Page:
New international research has shed light on barriers public servants see as preventing change in their organisations, with leadership standing out in Australia as a key obstacle.
The research, commissioned by software company Unit4 in partnership with Vanson Bourne, found 53% of public sector workers surveyed in Australia believed their leadership team resisted change.
This was slightly above the average of 44% of public sectors who believed leadership constrained change, according to public servants surveyed across the US, Canada, UK, Belgium and Sweden.
Further to this, fewer Australian public sector workers than in the other nations believed their organisation did not plan well for change or know how to react, or have the right staff or skills to adapt quickly.
Among all countries, digital transformation was a top priority. But the researchers found that while nearly all organisations had a digital-transformation strategy, only 29% believed it had been fully implemented.
The report authors argue this figure should “ring alarm bells” for public sector organisations.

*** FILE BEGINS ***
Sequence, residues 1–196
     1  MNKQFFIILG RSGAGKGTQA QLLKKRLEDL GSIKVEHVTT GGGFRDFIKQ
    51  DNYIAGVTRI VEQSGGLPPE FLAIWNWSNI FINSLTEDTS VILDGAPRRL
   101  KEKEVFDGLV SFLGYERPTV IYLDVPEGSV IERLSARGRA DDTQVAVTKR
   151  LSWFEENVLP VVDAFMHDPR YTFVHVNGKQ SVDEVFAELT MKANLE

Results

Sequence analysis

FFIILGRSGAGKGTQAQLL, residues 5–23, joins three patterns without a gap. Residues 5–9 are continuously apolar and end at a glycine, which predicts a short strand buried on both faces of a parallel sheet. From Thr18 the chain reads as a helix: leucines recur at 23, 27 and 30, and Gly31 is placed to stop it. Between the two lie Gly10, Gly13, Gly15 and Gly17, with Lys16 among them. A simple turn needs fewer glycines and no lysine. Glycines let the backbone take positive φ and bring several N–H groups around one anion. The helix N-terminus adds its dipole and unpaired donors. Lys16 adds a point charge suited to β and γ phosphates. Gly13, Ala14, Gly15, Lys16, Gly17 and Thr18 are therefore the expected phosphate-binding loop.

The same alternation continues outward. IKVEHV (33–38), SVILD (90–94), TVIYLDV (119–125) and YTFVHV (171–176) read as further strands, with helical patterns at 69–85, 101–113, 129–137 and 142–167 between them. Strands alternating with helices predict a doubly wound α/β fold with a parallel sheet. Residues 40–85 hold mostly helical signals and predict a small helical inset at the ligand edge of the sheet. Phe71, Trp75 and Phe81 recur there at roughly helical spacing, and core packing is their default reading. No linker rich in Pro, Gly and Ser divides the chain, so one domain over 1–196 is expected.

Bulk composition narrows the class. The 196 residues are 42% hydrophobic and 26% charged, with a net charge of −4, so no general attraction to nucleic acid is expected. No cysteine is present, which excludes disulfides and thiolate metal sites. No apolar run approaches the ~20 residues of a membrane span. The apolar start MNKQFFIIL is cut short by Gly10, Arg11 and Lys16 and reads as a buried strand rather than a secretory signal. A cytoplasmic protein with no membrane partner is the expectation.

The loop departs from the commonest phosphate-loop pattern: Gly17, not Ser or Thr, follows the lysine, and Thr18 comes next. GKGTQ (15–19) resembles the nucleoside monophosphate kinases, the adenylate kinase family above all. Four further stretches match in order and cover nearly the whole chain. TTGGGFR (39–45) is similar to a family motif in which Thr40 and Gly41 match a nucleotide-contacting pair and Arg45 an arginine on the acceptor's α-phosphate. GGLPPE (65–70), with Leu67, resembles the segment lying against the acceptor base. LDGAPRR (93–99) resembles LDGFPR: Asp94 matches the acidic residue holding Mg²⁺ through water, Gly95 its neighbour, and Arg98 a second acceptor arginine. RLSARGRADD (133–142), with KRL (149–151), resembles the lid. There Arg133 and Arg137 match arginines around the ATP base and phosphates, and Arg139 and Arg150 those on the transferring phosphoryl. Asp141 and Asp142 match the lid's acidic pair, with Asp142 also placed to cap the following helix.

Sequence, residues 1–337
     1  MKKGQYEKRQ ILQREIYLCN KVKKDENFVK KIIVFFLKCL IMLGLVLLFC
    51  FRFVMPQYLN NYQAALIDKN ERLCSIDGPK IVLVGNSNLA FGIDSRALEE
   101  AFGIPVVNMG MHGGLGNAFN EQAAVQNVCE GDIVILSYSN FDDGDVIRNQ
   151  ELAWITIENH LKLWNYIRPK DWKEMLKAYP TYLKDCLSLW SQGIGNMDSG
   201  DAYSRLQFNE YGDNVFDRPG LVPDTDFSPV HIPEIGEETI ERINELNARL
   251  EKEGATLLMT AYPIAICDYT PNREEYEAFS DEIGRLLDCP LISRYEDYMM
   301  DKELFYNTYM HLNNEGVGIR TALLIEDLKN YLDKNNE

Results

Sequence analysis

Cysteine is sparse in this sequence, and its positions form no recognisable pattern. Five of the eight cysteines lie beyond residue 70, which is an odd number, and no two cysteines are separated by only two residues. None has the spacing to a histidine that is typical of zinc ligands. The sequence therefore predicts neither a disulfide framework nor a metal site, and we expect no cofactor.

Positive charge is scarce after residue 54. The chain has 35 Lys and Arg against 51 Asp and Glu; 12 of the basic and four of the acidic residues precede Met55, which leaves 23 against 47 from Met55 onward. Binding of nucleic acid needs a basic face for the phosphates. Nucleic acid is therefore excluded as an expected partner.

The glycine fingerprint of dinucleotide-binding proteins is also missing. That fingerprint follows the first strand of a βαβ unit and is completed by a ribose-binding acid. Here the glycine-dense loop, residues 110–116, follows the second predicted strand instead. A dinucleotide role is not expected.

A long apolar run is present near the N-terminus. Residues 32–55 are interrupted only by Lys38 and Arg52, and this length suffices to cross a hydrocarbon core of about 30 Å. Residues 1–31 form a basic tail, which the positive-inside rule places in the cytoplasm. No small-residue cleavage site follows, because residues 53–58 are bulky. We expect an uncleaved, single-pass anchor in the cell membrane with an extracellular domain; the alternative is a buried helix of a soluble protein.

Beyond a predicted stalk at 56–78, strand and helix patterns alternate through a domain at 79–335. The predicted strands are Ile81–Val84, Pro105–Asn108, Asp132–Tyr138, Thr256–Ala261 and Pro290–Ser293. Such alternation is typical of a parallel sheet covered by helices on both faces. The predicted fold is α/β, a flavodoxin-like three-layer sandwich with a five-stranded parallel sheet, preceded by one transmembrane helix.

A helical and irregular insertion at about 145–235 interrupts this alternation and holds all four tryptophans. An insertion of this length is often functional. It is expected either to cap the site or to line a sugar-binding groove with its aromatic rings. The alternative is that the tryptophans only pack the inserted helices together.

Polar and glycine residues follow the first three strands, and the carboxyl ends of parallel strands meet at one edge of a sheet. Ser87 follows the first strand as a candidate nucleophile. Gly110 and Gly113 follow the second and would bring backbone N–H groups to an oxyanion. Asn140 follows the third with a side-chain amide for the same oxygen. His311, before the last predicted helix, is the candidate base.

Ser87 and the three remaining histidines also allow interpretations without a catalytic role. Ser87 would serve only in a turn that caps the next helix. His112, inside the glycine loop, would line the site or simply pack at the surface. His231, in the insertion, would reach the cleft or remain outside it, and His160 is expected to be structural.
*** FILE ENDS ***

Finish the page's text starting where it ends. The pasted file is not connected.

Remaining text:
“Already, the public sector lags behind other verticals, and there’s the risk of that gap widening, as others build on their digital advances from remote working,” the report says.
“Within the public sector, there are relatively low levels of adoption of different technologies that improve back-office systems, but high levels of exploration.”
The Mandarin reported this month that in Australia, nearly three-quarters of APS agencies were experiencing a shortage of expertise in technical data and digital skills.
The APS is addressing the issue with a range of entry pathways and pilot programs to attempt to build capacity.
Unit4 head of strategic motions Mark Gibbison said that as the global public sector emerged from the challenge of the pandemic, it had demonstrated the possibilities of digital transformation.
“However, organisations face an even tougher task in the years ahead to maintain essential public services and continue to invest in innovation to deliver significant improvements,” Gibbison said in the report.
“It will require a mindset shift to embrace the change needed to modernise the public services and a willingness to be more agile, accepting that disruption will ultimately lead to operational efficiency, cost savings and therefore better value for citizens.”